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British Nationals Travelling to France Subject to Additional Requirements From Saturday

Travelers from the UK arriving in France from Saturday 4 December onwards are subject to additional requirements – negative results of a COVID-19 test performed within 48 hours prior to arrival in France.

The decision affects not only Britons, but all third-country nationals over the age of 12, including those who have been vaccinated against COVID-19 and who have recovered from the virus.

“Any person of twelve years of age or over wishing to travel to the national territory from a foreign country must obtain the result of a screening test or examination conducted less than 48 hours before the flight,” according to a decree issued by the French authorities, among other things. other.

>> France will impose a test obligation on all third-country nationals

The decision comes at a time when the world is imposing more restrictions in an attempt to limit the spread of the new alternative to the Corona virus – Omicron. The latter was discovered by South African scientists, who last week announced the presence of this virus, noting that this variant was more transmissible.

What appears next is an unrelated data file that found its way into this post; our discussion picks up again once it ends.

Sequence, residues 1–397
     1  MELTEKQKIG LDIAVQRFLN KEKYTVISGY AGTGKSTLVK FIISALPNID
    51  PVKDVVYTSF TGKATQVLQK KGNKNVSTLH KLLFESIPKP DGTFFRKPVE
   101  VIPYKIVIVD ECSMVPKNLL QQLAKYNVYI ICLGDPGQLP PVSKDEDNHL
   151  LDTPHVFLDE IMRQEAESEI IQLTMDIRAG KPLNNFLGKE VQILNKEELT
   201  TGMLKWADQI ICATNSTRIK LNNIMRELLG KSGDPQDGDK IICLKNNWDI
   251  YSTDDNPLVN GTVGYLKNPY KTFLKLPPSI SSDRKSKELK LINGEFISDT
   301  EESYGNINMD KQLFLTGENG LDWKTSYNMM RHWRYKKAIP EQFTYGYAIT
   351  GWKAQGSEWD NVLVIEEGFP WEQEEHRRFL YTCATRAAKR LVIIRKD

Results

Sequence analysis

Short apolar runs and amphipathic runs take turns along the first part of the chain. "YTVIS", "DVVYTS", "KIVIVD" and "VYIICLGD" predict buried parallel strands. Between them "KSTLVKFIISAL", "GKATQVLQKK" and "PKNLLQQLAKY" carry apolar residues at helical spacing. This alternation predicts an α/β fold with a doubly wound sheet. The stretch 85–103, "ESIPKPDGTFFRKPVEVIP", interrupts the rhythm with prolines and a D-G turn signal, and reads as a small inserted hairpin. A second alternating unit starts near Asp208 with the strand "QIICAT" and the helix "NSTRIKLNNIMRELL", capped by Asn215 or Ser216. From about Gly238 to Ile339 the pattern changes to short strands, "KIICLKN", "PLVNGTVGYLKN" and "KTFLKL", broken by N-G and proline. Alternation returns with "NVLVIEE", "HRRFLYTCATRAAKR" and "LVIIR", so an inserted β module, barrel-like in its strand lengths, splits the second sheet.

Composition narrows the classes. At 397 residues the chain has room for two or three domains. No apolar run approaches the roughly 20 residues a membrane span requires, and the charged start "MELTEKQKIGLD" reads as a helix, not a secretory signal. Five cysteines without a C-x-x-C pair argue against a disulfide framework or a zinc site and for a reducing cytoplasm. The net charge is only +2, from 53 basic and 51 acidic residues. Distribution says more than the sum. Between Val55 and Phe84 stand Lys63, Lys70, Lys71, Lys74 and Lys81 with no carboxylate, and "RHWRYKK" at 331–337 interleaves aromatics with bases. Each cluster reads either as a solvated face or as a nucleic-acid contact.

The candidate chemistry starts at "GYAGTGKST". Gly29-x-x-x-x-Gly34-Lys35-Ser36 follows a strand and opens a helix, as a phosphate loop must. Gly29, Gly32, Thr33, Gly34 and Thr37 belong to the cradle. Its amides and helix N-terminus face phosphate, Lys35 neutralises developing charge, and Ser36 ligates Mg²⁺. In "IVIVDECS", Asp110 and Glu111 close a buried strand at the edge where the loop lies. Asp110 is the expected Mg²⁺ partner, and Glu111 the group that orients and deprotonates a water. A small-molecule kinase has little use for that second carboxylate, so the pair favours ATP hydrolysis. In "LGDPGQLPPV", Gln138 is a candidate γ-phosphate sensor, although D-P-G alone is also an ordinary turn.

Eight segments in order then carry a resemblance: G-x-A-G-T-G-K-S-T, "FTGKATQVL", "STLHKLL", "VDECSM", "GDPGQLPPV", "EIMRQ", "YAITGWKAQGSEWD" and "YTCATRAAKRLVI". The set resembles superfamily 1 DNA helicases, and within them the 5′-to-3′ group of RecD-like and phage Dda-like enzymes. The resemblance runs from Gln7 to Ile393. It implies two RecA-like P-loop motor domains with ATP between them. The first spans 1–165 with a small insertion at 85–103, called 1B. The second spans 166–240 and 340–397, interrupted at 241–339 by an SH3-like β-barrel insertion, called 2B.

On November 26, France also imposed a ban on flights from seven countries in the southern African region – South Africa, Lesotho, Botswana, Zimbabwe, Mozambique, Namibia and Eswatini. The ban will remain in effect indefinitely until the authorities decide differently.

With regard to travel from these countries, the new decree states that anyone 12 years of age or older who is allowed to travel to France from these countries is also subject to the new testing requirements.

Yesterday, France reported the first two cases of Omicron that were discovered in its territory, and both of them recently returned from the continent of Africa, the first from Nigeria and the other from South Africa.

According to Jean-Francois Delfraissy, chair of the French National Consultative Ethics Committee (CCNE), by the end of January the Omicron variant will take over Delta, which accounts for the majority of COVID-19 cases in France.

However, he noted, “Christmas is not in danger if residents and policymakers are all very careful,” adding that social distancing, vaccination and booster shots are key means in combating the spread of the new alternative.

Data from the European Center for Disease Prevention and Control (ECDC) shows that 69.8 percent of the French population has already been fully vaccinated. ECDC has colored France all red on the map that is published weekly in support of the Council’s recommendation for a coordinated approach to travel measures in the European Union.

Daily updated statistics by the World Health Organization show that France recorded 49,563 new cases of COVID-19 in the past 24 hours, bringing the total number of cases recorded since the beginning of the epidemic to 7,490,677.

>> Traveling to France amid COVID-19 – All you need to know

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